Want To Change Your Life? Try A Sadhana

I had never heard of the word "sadhana" until my first day of yoga teacher training back in 2012. I've heard it described as a "practice in pursuit of a goal." Our teacher explained that we would each have to do a sadhana that we were to put together ourselves, beginning on one of the new moons that was taking place during our six-month training.

For 10 days, we would have to commit to a physical, mental, and spiritual ritual with the hopes that after that time, we would emerge more connected to our higher selves and closer to whatever we wanted to achieve.

We had to write out our Sadhana prior to the new moon, to have a reminder of what we were committed to for the next 10 days. What I wrote out was my big goal for the Sadhana: To get closer to my highest and most sacred self. To achieve happiness and calm. To love myself unconditionally and therefore be able to love others fully.

Those 10 days of my life were eye-opening. Writing down my intentions made things seem more concrete. I incorporated healthier eating habits, a meditation practice, and guidelines of how I would try to behave for those next 10 days.

I'd recommend this practice to anyone who is looking for help in committing to something, be it a physical practice of yoga, Jiu-Jitsu, running. Or maybe you want to give up alcohol or finally stop gossiping about people. Consider your Sadhana a road map to get closer to the person you want to be.

It’s simple! Here's how:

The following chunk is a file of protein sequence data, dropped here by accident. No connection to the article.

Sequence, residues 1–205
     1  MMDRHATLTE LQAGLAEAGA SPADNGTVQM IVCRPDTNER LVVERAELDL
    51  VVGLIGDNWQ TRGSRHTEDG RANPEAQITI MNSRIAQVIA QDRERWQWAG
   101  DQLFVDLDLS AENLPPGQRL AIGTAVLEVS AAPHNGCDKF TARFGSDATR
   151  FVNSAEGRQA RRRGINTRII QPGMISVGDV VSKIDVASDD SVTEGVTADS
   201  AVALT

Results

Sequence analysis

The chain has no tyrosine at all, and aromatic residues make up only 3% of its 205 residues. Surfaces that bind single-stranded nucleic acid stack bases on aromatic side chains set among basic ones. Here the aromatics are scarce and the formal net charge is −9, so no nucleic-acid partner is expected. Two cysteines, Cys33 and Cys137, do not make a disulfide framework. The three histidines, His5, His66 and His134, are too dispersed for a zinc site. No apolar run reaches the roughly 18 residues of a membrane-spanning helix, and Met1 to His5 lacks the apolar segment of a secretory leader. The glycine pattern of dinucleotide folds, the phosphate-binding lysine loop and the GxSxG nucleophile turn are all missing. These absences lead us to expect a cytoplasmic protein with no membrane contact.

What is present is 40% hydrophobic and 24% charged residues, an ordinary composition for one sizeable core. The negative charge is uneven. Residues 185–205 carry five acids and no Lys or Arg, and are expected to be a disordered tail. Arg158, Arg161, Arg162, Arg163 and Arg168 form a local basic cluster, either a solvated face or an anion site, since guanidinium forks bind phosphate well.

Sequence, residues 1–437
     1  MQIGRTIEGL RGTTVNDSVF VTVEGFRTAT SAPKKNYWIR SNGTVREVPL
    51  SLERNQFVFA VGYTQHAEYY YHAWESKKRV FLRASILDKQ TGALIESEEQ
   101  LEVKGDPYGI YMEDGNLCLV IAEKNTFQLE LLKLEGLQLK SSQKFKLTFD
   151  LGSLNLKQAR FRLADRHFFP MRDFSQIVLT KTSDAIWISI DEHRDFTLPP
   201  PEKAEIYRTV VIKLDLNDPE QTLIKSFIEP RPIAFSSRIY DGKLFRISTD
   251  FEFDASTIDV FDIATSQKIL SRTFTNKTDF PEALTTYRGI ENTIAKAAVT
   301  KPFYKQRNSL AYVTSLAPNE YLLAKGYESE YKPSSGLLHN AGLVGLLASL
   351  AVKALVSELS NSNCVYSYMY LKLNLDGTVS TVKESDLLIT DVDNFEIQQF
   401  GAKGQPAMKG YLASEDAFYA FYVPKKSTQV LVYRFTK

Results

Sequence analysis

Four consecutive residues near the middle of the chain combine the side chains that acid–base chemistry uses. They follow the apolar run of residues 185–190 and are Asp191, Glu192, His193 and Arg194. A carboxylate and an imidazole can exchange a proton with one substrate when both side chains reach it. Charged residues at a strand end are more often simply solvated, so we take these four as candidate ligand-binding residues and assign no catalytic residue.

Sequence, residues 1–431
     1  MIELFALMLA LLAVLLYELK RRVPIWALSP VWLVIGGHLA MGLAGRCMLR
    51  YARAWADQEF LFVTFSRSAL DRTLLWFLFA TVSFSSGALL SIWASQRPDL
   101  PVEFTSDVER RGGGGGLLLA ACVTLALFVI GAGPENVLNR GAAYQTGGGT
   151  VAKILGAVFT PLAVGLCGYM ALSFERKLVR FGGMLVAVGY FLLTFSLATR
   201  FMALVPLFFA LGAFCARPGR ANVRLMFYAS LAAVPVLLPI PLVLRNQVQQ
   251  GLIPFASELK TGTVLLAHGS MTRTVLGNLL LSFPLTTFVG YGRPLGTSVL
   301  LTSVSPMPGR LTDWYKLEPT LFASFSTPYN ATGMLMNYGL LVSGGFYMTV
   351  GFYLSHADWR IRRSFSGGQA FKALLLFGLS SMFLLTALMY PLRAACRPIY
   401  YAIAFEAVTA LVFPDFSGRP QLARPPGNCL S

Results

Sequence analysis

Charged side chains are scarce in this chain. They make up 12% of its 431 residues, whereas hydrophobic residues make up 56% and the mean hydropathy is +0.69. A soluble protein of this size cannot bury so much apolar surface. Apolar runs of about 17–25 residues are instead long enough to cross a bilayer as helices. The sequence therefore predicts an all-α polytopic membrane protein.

1. Begin by writing down the purpose.

Choose the amount of time you want to commit to this and the day you want to start. It can be as long or as short as you need. I found 10 days to be a great guideline. Some prefer to go from a new moon to a full moon, which is generally two weeks.

As far as the amount of time, our yoga teacher had us do it for ten days. It can be as long or as short as one needs. The first one I did was ten days and the current one I'm doing is until the end of Spring. I think for simplicity's sake 10 days would be a good guideline. And it is good timing because the new moon is on Tuesday, if you want to add that in anywhere.

2. What is your physical practice going to be?

Are you going to run three miles a day, or do 10 sun salutations and meditate for 10 minutes each morning before you do anything else? Choose something attainable and not overly complicated. Another idea is to make small changes to your diet if that is something you wish to modify; give yourself a list of foods to avoid and foods to enjoy.

3. What other activities will you pursue?

It’s spring ... maybe you'd like to make a commitment to spend at least an hour outside each day; read more and watch less TV. Or maybe your goal is to call one old friend or family member every week.

4. What kind of environment will you keep?

Clutter in your surroundings means clutter in your mind. Keep your home, office, and car clean as a means to open up your heart and mind to fresh and new ideas.

5. What kind of self-care will you commit to?

For this spring, I committed to making sure all of my personal care products are as natural as possible. I decided to take vitamins daily, give oil pulling a try, treat my body as a temple, and practice reiki every single day.

6. Put it in writing.

Make a commitment to yourself to honor your Sadhana. Write it down, sign and date it and put it up somewhere you can see it daily. It’s helpful to keep a journal during this time so that you can look back on your progress.

I wish you the best of luck and success in your journey toward becoming exactly who you want to be in this life!

Namaste.

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